There are less than 2 days before our $140k Noobstars Blockchain Hackathon starts.
Here is what I was convinced once again of, during this time.
IT IS HARD TO FIND RIGHT PEOPLE WITH RIGHT MOTIVATION AND RIGHT SKILLS, EVEN IF YOU PLACE $140K IN FRONT OF THE CROWD.
That’s why we need to build the Noobstars.
We are featured on the home page of hackathon.io with (I believe) an outstanding announcement and there are just 7 people want to participate in the event.
I understand, that there is a high risk involved in the event from the people’s view and some smart guys (read hackers) may do not believe that the Hackathon can fund via ICO. Which I believe can. Because the whole idea of crowd funding a startup through ICO and see the whole process of the birth of a team, product, and the company, from the potential investor’s point of view — should be natural. The investor should not just see some random team that will execute the idea but should see the real battle, where highly motivated individuals forming teams and in real time fighting for the opportunity to build great products for investors money.
In nature, they call it Natural Selection.
But let’s start from the beginning and dive a little bit deeper into the problem.
Where do they come from?
I like the idea about 2 types of people’s mindsets: Fixed and Growth mindset.
To get a better (deep) understanding I recommend reading a Growth Mindset book, written by Carol S. Dweck, Lewis and Virginia Eaton Professor of Psychology at Stanford University. This book not just showing the difference between these two mindsets but shows How to recognize and switch into the Growth mindset.
In a Fixed mindset
people believe their basic qualities, like their intelligence or talent, are simply fixed traits. They spend their time documenting their intelligence or talent instead of developing them. They also believe that talent alone creates success — without effort.
In a Growth mindset
people believe that their most basic abilities can be developed through dedication and hard work — brains and talent are just the starting point. This view creates a love of learning and a resilience that is essential for great accomplishment. Virtually all great people have had these qualities.
I personally believe that Risk-takers are a nature of people with a Growth mindsets.
EASY TO JUDGE. HARD TO DO.
Yes. You probably saw/heard/knew a lot of stuff about risk taking from successful people. I will post just one of them.
Often phrases about the risk — very blurred. That’s why I would like to talk a little bit specific.
On the example of our Hackathon
Here are just a few risks.
#1 Your job can be not good enough to be accepted.
#2 There can be way better-skilled teams or individuals.
#3 You can fail the deadlines.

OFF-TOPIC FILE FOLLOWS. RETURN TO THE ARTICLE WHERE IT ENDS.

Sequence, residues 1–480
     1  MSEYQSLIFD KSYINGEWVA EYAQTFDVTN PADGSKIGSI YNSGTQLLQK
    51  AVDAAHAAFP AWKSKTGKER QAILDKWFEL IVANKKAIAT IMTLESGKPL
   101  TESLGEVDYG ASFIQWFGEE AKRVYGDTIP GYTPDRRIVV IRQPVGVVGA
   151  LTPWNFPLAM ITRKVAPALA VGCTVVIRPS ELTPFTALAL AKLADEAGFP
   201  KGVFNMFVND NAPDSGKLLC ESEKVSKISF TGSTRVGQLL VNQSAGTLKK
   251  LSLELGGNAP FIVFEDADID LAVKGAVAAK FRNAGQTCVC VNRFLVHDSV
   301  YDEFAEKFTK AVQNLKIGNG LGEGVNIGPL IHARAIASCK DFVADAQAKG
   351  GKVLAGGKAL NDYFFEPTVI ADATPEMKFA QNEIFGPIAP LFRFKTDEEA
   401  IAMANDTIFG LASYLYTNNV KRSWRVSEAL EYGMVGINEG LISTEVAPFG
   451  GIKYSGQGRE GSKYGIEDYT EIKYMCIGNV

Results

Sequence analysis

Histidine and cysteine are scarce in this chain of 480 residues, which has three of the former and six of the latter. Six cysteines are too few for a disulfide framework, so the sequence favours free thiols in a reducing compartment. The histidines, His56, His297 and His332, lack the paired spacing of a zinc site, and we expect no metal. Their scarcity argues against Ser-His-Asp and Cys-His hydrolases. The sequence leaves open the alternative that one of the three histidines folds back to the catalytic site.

#4 You did an awesome project, but few bugs killed it during a presentation.
#5 You take the first place, but initial ICO failed, meaning no funds.
You are investing your time, physical and mental energy. And can get nothing in the end.
Also, just a few risks described.
#1 General economic risk. 2008 economic crisis as an example.
#2 Sovereign risk. Regulations and government.
#3 Execution risk. You put your money in the project, but the team failed to deliver.
#4 Business risk. Product and idea can’t fit a market/users expectation, high competition market.
#5 Collapse of crypto currencies. Or bubble risk, Dot-com bubble as an example.
Basically, a founder (or CEO) accumulate all the risk from both groups. The founder is the main link between Investors and Hackers. As a captain of the ship — he takes all the responsibility for a failure or success. If the company’s product fails — clients will blame the founder, not team or investors. If the company failed — investors and team will blame the founder, not each other.
So, answering your question Ape Inago
Yes. I like cat pictures too
But I’m trying to limit my time for this. Because the lifetime is too short, and there is so much interesting to learn, upgrade skills/knowledge and achieve new things.
No. I’m not feeling bad
I’m feeling a huge responsibility for doing this. It’s a huge risk. For me, for the Hackathon, I started. For a future team, for investors money, for a product and the company. Of course, it’s a risk for hackers, investors, and the founder. Facebook also started from a college social network, and I think that Zuck didn’t imagine, that it will reach in 13 years 2 billion users, $500 billion market cap, and such big impact for the World community. We don’t know much stories about thousands or millions failed startups. But definitely, those, who take risks — have all chances to succeed.
Don’t listen to those
who spend their time and 12,000 words, describing why things will not work. Instead of focusing 12,000 words describing how to make things works.
CALL TO ACTION
If you are a Hacker
Join our Hackathon. It’s risky, you may fail, we may fail.
I’m looking for those, who are like me — crazy enough to work days or nights, weekends or holidays while finding solutions for big and complex problems.
We need a team of 4 to 5 of hackers. Even if you are a black hat — feel free to join. There is a lot of opportunities to make millions of $ completely legal.
If you are an Investor
Join our ICO campaign. It’s risky, you may fail, we may fail.
But you can be a part of the World’s first company, which started publicly through the Hackathon in front of your eyes, then moved into a digital decentralized autonomous organization.
As a lot of smart and successful people saying with different words almost the same — with every great risk, there’s great reward.